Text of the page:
Most people are aware that there will be a period of withdrawal when someone stops taking certain drugs, such as painkillers, or more serious substances like cocaine and heroin. However, some people don’t realize that there may be a possibility of antidepressant withdrawal when a person stops taking their prescribed medication. If this happens, does that mean that the person was addicted to the antidepressant?
If a person has taken antidepressants for a number of weeks, then there is a possibility of withdrawal if they abruptly stop taking the medication. These symptoms, called antidepressant discontinuation syndrome, can last for a couple of days up to a few weeks. Certain types of antidepressants are also more likely to cause a user to experience withdrawal symptoms.
The following symptoms may occur within one to two days after a person stops taking their antidepressants:
- Flu-like symptoms
- Muscle aches
- Vivid dreams
- Electric shock sensations
An individual may also often see a return in their depression symptoms after stopping their antidepressants cold turkey.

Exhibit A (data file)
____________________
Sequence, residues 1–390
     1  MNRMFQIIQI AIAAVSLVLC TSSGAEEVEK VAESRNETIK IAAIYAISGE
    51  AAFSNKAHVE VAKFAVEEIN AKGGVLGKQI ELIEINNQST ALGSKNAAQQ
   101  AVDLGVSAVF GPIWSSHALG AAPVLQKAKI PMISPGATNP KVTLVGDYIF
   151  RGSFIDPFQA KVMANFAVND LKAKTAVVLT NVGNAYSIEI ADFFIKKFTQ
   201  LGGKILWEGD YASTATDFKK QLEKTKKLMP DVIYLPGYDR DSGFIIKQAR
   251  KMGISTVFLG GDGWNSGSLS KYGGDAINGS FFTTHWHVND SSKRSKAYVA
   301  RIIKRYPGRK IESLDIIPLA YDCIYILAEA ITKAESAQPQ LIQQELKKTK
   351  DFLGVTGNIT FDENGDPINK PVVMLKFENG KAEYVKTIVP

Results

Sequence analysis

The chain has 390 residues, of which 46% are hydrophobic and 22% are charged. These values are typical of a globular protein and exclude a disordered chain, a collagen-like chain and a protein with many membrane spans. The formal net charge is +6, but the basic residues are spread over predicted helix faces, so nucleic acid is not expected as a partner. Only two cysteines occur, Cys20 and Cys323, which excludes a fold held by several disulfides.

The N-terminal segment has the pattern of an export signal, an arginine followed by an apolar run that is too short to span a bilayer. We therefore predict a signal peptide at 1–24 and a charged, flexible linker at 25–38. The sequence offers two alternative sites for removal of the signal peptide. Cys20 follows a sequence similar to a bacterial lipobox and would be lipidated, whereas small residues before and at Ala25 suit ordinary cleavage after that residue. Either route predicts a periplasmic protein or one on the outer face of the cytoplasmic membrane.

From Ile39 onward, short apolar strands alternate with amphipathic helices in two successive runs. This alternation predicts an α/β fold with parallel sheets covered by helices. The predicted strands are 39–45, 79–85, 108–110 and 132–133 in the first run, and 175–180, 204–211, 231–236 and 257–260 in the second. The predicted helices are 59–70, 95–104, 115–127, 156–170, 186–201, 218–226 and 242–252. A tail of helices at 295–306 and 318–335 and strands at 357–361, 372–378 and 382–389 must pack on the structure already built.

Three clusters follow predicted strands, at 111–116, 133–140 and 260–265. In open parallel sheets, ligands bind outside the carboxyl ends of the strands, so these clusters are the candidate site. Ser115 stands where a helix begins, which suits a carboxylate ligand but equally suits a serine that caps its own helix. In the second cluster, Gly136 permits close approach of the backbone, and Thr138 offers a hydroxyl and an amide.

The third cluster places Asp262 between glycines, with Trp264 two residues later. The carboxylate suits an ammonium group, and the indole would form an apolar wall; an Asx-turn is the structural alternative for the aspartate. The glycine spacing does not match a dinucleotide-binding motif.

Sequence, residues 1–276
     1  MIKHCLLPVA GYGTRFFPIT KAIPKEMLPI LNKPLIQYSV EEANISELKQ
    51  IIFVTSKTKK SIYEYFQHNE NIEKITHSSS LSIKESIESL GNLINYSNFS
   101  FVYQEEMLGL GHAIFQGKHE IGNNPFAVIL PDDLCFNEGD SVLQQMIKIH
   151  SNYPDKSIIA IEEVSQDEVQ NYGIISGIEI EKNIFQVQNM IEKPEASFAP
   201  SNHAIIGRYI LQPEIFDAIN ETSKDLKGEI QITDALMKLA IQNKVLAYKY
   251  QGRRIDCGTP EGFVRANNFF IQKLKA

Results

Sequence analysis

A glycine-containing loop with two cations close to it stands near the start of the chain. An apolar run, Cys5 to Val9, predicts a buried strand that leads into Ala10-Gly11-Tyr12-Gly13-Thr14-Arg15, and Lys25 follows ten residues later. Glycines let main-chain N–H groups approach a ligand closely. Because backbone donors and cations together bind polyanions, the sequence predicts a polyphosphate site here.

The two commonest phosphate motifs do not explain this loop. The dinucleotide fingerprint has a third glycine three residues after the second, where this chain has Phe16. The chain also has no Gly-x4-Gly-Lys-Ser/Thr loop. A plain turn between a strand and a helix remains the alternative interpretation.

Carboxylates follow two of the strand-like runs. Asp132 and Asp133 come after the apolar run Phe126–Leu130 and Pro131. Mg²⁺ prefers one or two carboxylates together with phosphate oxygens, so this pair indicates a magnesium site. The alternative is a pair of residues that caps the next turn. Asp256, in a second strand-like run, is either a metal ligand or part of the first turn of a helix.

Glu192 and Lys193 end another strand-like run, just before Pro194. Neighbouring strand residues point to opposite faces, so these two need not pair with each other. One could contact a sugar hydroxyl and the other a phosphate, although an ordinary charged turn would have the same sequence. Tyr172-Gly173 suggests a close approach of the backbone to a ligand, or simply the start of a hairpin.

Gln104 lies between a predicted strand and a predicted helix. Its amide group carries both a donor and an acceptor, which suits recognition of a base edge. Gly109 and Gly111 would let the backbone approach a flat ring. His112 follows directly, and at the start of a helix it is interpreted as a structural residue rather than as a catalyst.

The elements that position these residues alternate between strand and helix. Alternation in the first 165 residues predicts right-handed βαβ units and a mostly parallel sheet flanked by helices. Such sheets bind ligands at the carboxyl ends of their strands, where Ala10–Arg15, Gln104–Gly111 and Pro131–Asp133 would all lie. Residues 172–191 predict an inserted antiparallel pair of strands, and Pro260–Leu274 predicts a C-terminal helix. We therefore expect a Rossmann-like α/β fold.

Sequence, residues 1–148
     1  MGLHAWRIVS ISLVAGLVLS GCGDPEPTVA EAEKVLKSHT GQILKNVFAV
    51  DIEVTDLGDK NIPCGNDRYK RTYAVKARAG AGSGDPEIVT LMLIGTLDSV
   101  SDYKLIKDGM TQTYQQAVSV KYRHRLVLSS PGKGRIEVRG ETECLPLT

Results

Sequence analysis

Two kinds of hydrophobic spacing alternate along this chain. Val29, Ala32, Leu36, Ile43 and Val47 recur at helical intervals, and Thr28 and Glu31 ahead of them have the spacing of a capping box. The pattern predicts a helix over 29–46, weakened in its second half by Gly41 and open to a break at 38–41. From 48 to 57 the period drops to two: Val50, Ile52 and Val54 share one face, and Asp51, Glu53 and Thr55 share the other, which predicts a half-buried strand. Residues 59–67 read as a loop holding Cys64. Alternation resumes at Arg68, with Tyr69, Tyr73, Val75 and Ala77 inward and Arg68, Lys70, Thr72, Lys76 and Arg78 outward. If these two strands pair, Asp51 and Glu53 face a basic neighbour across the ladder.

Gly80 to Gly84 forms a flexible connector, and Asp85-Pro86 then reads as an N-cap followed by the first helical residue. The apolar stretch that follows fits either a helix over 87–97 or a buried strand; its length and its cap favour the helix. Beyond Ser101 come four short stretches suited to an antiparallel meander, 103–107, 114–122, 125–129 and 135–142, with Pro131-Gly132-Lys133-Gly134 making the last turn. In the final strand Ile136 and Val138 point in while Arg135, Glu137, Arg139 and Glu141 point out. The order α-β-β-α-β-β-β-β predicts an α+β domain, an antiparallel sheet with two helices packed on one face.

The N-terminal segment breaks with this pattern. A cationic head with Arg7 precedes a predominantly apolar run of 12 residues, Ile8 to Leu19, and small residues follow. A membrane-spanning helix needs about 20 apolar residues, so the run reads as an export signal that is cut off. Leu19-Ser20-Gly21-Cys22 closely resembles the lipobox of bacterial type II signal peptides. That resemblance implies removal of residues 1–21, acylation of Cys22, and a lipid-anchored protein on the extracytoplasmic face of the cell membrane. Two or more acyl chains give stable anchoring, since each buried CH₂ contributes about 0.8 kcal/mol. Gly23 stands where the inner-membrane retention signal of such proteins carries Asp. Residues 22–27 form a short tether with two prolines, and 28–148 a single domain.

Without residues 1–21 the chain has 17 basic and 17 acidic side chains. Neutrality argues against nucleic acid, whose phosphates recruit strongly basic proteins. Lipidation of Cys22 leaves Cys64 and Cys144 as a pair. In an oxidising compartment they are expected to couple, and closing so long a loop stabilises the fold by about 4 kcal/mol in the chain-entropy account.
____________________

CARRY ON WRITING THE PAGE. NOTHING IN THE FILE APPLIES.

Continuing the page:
While withdrawal symptoms are common for someone who has stopped taking antidepressants, it doesn’t necessarily mean that they were addicted to the medication in the first place. Long-term chemical changes occur in the brain of an addict, characterized by very intense and uncontrollable cravings. These cravings can make it difficult to control the use of addictive substances. However, antidepressants do not cause these changes.
A doctor can help an individual minimize the risk of withdrawal from antidepressants. They will likely recommend a slow taper of the medication. As the person reduces the dosage of their antidepressant over the course of several weeks or more, their body begins to gradually adapt to not having the medication in its system.
Some doctors also prescribe different types of antidepressants or medications for short-term assistance. These will help the body adjust to the absence of the other medication. In the case of a patient switching from one brand of antidepressant to another, their doctor might simply start them off at the equivalent dose of their previous medication.
It can be hard to tell if the symptoms a person is feeling are returning depression symptoms or if they are withdrawal symptoms. Patients should always keep their doctor informed of their symptoms and feelings. If the depression returns, many doctors will recommend starting treatment again, either by prescribing the same antidepressant or offering a new brand.
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